Dni świąteczne diecezji warmińskiej w XIX wieku
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Festive days of the Diocese of Warmia in the 19th century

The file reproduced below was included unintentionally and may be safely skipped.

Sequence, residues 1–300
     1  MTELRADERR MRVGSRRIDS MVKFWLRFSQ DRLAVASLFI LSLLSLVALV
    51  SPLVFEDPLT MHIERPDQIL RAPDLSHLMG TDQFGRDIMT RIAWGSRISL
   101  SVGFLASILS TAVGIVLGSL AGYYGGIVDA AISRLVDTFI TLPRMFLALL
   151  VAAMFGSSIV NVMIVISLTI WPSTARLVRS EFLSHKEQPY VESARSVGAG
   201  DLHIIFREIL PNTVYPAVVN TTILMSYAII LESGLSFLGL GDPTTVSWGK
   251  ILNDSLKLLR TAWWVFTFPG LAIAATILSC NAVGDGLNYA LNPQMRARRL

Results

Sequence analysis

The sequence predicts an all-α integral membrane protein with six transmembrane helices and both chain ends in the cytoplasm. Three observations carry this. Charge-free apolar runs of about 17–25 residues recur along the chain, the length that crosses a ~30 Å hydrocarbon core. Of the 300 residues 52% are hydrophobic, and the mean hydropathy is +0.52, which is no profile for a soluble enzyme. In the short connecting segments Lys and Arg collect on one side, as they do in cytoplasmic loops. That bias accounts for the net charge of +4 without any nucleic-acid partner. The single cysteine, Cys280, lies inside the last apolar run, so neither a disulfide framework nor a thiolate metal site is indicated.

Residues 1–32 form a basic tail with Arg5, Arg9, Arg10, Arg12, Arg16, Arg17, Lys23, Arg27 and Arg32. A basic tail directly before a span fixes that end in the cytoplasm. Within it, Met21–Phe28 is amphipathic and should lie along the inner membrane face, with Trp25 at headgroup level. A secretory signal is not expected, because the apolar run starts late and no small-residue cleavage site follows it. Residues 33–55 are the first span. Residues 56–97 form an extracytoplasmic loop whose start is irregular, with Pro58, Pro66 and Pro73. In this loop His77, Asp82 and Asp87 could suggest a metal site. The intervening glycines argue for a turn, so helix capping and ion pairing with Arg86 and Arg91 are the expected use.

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After the announcement of the papal bull De salute animarum in 1821, apart from the issue of reorganization of the diocese, the state authorities were concerned with the introduction of a general Prussian order of festive days that would be valid in every parish. The task of developing a project of such a list of holidays was assigned to the future Bishop of Trier – Josef von Hommer. He prepared a proposal of ten holidays only. This number was regarded as unsatisfactory by the Catholic bishops of the so-called Old Prussian dioceses. Giving an opinion on the above-mentioned project, the Bishop of Warmia, Joseph Hohenzollern, presented a list of thirteen religious festivals which were to become official state holidays. Regardless of the negotiations in progress, the inhabitants of the Diocese of Warmia in the mid-1930s celebrated Christmas, Easter, two days of Pentecost, New Year, the Ascension Day, the Epiphany, the Purification of the Blessed Virgin Mary, the Annunciation, Saint Adalbert’s Day (Day of Penance), Corpus Christi, Saint Peter and Paul Day, All Saints’ Day, the Immaculate Conception and Saint Andrew the Apostle Day. The order of these festivals, announced as a papal brief in 1788, was approved by King Frederick William II. Other holidays celebrated in the Diocese of Warmia were the so-called “vowed days” (gelobte Tage). They were introduced before the incorporation of Warmia to the Kingdom of Prussia. They usually occurred on weekdays, when no work regarded as menial was done. In some places, the church celebrations were accompanied by a pilgrimage. In 1838, the celebration of the “vowed days” was moved to the Sundays immediately following them.
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